Issue #345 resolved

sessionfilter.!RamStorage saves data even if saveData is not called in beforeFinalize

Christian Wyglendowski
created an issue

Using !RamStorage, even if an exception occurs in an exposed method that updates a value in cherrypy.session, the session keeps the updated value despite the fact that saveData() is never called in beforeFinalize().

See the attached file for a reproduceable scenario. Refresh the page 5 times, you will get a traceback, then refresh again. The value is incremented.

The !FileStorage backend behaves as one would expect: it does not update the session value if the exposed method raises an exception. Uncomment the config settings in the attached file to test it with file based sessions.

Comments (5)

  1. Anonymous

    Well, there's 2 things here:

    - first of all, should the session still get saved when an error happens or not ? I think it should not.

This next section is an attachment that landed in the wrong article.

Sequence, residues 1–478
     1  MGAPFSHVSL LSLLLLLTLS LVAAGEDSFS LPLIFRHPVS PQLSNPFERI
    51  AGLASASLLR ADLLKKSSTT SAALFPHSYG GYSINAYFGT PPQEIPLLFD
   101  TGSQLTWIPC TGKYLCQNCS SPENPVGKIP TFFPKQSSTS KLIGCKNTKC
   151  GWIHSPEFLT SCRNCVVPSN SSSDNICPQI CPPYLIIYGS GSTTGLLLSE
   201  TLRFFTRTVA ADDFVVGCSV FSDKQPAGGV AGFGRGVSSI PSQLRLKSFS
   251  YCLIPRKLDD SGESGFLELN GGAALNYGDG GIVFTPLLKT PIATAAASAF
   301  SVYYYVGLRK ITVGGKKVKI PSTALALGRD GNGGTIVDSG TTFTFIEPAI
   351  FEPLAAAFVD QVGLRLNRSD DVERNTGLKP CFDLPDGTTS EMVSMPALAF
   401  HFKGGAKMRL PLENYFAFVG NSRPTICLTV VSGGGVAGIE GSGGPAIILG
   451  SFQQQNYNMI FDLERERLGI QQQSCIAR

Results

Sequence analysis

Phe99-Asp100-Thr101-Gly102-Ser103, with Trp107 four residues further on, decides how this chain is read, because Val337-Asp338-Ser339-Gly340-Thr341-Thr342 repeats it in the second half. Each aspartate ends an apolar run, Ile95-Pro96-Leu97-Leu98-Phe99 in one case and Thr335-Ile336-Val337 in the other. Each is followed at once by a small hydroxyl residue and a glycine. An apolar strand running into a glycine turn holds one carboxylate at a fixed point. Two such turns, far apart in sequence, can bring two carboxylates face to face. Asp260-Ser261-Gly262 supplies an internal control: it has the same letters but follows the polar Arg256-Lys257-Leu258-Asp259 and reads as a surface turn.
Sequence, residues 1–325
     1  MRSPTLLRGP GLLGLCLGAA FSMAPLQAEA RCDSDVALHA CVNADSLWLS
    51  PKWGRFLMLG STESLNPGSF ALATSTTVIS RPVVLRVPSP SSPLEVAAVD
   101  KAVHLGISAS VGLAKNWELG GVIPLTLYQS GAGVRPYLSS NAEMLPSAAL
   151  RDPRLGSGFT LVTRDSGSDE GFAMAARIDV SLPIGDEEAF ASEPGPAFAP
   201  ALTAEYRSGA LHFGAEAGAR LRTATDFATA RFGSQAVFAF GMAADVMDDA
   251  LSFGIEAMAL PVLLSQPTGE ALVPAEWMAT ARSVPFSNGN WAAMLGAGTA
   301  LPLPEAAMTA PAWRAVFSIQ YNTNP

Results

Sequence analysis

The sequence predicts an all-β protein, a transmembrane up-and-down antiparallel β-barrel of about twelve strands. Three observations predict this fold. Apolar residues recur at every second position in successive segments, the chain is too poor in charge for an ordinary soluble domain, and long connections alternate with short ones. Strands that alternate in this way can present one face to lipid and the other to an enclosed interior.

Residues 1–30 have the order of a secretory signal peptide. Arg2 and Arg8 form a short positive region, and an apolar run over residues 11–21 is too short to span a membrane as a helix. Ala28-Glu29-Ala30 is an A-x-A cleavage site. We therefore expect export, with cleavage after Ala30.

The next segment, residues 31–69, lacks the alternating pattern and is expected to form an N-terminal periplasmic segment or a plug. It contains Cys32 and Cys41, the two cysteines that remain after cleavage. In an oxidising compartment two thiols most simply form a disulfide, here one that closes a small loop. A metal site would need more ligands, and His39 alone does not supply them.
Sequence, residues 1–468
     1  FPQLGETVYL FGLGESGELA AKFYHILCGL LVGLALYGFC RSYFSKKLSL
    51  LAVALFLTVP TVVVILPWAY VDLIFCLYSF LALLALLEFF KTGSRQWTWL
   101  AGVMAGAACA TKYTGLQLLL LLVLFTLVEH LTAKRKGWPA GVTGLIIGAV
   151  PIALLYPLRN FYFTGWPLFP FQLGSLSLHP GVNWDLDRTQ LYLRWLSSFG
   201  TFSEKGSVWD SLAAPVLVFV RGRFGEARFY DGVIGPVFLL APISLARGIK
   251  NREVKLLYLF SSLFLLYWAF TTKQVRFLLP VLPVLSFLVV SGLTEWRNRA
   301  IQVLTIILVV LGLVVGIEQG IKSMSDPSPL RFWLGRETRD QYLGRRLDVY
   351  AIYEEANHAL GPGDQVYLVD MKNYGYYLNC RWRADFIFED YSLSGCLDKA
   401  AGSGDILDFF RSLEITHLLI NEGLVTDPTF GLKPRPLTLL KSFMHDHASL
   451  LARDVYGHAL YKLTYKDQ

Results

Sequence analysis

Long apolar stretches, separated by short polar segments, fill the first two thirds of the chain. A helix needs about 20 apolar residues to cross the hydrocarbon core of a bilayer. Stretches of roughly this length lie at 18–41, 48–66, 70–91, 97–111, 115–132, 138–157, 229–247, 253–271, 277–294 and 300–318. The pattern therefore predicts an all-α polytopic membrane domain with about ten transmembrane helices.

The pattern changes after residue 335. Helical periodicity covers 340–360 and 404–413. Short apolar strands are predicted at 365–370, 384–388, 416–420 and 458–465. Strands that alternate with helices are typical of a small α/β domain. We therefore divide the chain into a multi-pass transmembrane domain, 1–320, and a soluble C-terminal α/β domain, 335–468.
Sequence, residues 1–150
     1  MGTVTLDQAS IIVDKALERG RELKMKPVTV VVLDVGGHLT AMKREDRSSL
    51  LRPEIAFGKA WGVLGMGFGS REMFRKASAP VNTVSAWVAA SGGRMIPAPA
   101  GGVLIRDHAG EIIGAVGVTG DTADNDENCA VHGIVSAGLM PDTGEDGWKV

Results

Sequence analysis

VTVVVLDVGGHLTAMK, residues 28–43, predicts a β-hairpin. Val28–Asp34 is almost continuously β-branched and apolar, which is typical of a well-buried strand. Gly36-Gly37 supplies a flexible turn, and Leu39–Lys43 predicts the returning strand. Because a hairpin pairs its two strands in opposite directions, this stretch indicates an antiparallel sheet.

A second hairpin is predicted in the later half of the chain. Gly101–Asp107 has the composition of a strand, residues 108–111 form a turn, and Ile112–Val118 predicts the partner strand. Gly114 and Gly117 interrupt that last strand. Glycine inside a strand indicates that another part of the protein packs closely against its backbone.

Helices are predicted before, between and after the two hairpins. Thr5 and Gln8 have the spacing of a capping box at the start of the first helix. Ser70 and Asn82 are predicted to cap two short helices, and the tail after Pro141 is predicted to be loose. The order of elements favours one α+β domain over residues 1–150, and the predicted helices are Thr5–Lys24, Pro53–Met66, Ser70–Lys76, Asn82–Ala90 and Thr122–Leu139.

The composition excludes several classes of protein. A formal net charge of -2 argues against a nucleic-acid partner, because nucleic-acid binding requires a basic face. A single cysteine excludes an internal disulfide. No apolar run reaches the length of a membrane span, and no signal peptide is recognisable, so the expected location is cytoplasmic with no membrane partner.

- however, the RAM backend is a bit special because the data gets changed directly in the main dictionnary ... We could change that by manually copying the data in a temporary dictionary and only copy it back to the main dictionary when the session is saved, but then we would lose the ability to use "explicit" locking and to just acquire/release the lock when we need it ...

    What do other people think ?

    Remi.

  2. Christian Wyglendowski reporter

    ''should the session still get saved when an error happens or not ? I think it should not.''

    I agree.

    ''Ideally'', at least the built-in session backends would have the same sort of behavior, but from your comments it sounds like that is not readily possible. If the saveData and locking behaviors are mutually exclusive, I guess it comes down to which one we want to keep consistent with the other backends.

    If I were a heavy user of sessions, I would want the api level stuff to be consistent across backends. I imagine developers serious about sessions either use the file or db based backends in production. Maybe a caveat in the ram based session implementation would be forgiveable?

    ''Maybe'' there is some way to have both that we haven't thought of yet.

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